Summer is over and fall has officially arrived. The temperature outside has started to drop, but that does not mean that your days of having fun has come to an end, too.
The current season is perfect for soaking in your new hot tub. However, before you spend your days and nights submerged in warm water, you should first review these safety precautions.
Caution Around Electricity
By now, you know that mixing water and electricity is a recipe for a disaster. You still need electricity to warm the water in your hot tub.
So, how do you avoid being electrocuted?
It is important to discuss the issue with your hot tub dealers. Most hot tubs have mechanisms that will protect the user from the dangers that come with electricity.
The GFCI (Ground Fault Circuit Interrupter) is a device that monitors for fluctuations in the power supply. As soon as it senses an anomaly, it will cut off power to prevent accidents.
Ask professionals how you can keep the risk of electrocution while using your hot tub at a minimum.
No Pet Zone
Your furry pal is not allowed to enter or be near your hot tub. While you want to go for a swim with your pup, the temperature of your hot tub might be too much for pets.
Dogs do not sweat. They cool themselves by panting. If they get too hot, they might suffer from heatstroke.
Dogs that have short snouts (pugs and bulldogs) should be extra careful around hot tubs because they cannot cool themselves by panting, and they are not very good swimmers.
It is best that you leave your pup out of and away from your new hot tub.
Pregnant Women Not Allowed
If your partner or friend is pregnant, it might be safer for them to just watch from afar. Dipping in a hot tub poses certain health risks to pregnant women and their developing babies.
The temperature in a hot tub can go as much as 104 degrees Fahrenheit (40 degrees Celsius). It raises the internal body temperature of anyone in it. If a pregnant woman stays in a hot tub for even just a couple of minutes, it could lead to the baby having birth defects.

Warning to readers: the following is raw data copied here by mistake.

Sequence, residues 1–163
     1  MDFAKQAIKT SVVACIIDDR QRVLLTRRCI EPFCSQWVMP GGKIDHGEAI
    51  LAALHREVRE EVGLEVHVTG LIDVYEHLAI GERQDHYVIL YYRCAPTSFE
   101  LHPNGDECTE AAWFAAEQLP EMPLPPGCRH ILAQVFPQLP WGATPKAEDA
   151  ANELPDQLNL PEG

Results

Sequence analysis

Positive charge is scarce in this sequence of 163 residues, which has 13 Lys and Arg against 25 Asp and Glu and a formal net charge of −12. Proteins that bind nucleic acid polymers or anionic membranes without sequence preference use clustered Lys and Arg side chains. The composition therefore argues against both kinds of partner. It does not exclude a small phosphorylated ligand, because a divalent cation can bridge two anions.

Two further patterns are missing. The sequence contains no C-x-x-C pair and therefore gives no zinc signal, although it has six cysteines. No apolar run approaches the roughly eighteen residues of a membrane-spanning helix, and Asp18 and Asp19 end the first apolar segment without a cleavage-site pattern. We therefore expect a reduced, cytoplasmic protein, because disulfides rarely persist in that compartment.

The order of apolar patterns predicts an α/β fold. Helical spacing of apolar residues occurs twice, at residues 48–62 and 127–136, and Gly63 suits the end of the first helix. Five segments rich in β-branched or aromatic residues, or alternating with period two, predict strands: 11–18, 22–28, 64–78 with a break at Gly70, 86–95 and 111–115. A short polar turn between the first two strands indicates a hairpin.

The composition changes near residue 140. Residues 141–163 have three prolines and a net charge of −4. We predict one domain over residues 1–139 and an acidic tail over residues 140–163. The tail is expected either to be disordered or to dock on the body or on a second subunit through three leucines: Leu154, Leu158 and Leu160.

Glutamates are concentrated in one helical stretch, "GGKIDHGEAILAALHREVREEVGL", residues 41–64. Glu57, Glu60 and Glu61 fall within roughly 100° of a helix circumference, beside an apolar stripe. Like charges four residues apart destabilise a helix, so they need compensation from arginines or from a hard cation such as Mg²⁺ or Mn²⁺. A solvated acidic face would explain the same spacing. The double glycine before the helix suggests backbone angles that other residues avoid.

In addition, the hot and moist environment is the breeding ground for pathogens. Better to stay away from hot tubs in the meantime.
The area surrounding the hot tub can become wet and slippery very quickly. This, too, can cause serious injuries.
As an extra safety precaution, install handrails around the hot tub to let the people using it get in and out of the water while minimizing the risk of falls.
Adding non-slip mats would also decrease the possibility of accidents.
Consult Your Doctor
Before you get a hot tub, you may want to get the go-ahead from your doctor first. This is especially important if you have diabetes, low blood pressure, or other medical conditions. If you are taking medicines, you should also ask a professional if it is okay for you to soak in a hot tub.
You should also avoid getting into a hot tub on your own and in extended periods of time. Wait for a companion to make sure that you will be safe while you enjoy the warm water on a cool fall day.
Getting a hot tub is a wise investment. It is an excuse to throw a party and hang out with your friends. It is also a great way to relax. Just follow these safety precautions to ensure that you enjoy a spa experience at home.